After winning the September 7 federal election, the Liberal-National Coalition is under growing pressure from big business, and its media and think tank mouthpieces, to immediately impose sweeping budget cuts and slash workers’ wages.
During the election campaign, the Socialist Equality Party warned that the rival pitches of the major parties were a fraud: the real agenda was being worked out behind the scenes, in corporate board rooms and financial media editorial offices. Just five weeks later, this has been amply borne out by the campaign now being mounted by powerful sections of the ruling elite.
An editorial yesterday in the Australian Financial Review, “The pitfalls of mandate politics,” bluntly advised Prime Minister Tony Abbott to junk his campaign promises and launch an offensive against the working class. The chief organ of Australian finance capital declared: “Mr Abbott has promised not to do all sorts of things that would unsettle his Howard battler constituency. But he also has promised to run a strong economy and to fix Labor’s budget crisis. These two mandates sit uncomfortably together.” It said “there’s a lot to be said for keeping political promises” but not when “too many of these promises rule out the sort of policy responses needed … to fix the budget.”
The reference to “[John] Howard’s battler constituency” is to the working class voters who deserted the Labor Party at the 1996 election as a result of the Hawke and Keating governments’ 13-year record of “free market,” pro-business privatisations and economic restructuring measures. This year’s election saw the Labor vote plummet further, to its lowest level in more than a century. Abbott campaigned on a series of slogans opposing the carbon and mining taxes, refugee boat arrivals and supposedly wasteful government spending. He said as little as possible about his own agenda, adopting a “small target” strategy of promising the electorate a stable, “no surprises” government.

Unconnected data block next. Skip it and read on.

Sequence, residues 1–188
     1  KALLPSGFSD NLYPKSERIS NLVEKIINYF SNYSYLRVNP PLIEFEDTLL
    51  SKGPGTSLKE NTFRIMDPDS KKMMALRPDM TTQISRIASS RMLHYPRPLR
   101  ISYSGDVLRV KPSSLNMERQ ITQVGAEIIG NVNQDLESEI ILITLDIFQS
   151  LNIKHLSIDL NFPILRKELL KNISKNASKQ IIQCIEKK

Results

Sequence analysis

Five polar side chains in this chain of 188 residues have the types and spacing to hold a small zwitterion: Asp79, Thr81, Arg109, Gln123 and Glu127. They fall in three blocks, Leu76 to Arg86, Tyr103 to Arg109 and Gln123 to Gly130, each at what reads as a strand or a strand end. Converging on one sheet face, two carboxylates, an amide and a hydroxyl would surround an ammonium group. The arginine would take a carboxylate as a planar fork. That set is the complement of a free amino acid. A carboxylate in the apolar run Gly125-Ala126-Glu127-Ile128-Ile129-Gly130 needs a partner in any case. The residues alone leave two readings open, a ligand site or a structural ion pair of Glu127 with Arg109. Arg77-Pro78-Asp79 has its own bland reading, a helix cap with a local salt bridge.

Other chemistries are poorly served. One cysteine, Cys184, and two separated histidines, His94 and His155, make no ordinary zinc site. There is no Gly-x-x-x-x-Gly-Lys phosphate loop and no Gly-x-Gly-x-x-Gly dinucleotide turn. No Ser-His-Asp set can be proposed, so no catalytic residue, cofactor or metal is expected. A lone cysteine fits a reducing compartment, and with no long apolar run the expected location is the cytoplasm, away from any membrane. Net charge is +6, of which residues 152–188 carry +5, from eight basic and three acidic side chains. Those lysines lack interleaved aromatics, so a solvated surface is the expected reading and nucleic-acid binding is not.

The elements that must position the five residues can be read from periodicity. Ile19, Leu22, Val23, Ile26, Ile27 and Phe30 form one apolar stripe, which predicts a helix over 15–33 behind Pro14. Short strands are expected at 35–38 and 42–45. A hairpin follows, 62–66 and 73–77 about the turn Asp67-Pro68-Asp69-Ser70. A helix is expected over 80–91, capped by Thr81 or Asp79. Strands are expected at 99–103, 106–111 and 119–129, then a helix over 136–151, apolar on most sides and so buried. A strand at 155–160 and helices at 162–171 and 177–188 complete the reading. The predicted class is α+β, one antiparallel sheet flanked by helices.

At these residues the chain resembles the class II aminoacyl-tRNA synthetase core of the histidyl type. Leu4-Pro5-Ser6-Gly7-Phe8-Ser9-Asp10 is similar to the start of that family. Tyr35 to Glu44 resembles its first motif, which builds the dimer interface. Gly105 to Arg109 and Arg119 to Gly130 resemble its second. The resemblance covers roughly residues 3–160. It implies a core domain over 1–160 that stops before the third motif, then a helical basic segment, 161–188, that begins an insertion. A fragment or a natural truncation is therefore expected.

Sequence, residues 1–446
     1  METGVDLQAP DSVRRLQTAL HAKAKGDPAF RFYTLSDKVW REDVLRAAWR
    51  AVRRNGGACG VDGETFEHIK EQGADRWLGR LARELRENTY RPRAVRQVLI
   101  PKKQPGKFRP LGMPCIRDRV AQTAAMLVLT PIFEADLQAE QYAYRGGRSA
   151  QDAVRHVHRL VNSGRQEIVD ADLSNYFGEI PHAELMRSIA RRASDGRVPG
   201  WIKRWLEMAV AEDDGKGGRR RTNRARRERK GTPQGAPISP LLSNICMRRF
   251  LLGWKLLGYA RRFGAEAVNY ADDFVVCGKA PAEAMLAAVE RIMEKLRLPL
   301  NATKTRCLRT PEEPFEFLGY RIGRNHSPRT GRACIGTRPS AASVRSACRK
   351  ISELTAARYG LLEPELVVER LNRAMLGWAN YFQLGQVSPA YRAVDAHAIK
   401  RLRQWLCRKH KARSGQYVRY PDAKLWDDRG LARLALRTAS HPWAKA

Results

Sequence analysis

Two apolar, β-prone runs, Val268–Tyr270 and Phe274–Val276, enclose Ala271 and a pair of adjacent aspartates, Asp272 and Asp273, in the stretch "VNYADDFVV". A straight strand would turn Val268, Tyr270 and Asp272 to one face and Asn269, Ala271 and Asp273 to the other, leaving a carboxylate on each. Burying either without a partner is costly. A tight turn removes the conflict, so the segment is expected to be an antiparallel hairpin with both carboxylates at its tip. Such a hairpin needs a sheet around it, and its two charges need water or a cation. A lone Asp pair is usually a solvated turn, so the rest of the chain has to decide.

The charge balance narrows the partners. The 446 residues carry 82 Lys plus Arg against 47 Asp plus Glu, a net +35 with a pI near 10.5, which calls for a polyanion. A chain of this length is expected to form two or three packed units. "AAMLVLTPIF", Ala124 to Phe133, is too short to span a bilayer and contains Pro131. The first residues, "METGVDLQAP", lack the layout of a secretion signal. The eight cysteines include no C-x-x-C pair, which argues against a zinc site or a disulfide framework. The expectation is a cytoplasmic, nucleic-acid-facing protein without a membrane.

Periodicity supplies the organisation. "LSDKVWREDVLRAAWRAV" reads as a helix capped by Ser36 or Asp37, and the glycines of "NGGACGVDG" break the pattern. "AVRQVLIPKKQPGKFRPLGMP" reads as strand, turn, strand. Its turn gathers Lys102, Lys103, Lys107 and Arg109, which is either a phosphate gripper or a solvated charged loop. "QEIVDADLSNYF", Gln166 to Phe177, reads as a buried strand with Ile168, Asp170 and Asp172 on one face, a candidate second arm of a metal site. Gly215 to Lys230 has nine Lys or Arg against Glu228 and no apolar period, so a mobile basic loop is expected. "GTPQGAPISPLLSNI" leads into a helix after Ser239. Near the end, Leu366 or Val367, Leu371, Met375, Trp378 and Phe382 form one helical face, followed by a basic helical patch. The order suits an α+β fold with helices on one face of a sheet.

Now that the election is out of the way, the Australian Financial Review insisted, it is time for Abbott to dispense with such platitudes and impose the kind of measures that could not be discussed during the campaign, precisely because working people overwhelmingly oppose them.
The newspaper raised as a priority the need to slash wages in order to boost corporate profits and the “international competitiveness” of Australian capitalism. It denounced last week’s Fair Work Commission rejection of a bid by the tourism, hospitality and restaurant industry to water down what the Australian Financial Review described as “archaic” overtime and penalty pay rates for evening, weekend and holiday shifts. The Abbott government is now facing strident demands from corporate lobby groups to eliminate such wage protections, as the first step in a broader drive to slash corporations’ labour costs.
Unlike almost every other advanced economy, Australia did not experience an official recession following the 2008 global financial crash, largely due to China’s ongoing demand for the country’s mineral exports. In the US, Europe and other regions, the enormous rise in unemployment during the past five years has been used as a weapon by the corporate and financial elite to drive down wages. In Australia, substantial numbers of manufacturing workers, most recently those at General Motors Holden, have been hit with severe pay cuts, but workers in most other sectors have not. Now the end of the China-fuelled mining investment boom, deteriorating domestic economic activity and mounting instability on world markets, exacerbated by the spectre of a potential US debt default, has fuelled corporate pressure for government action to slash wages.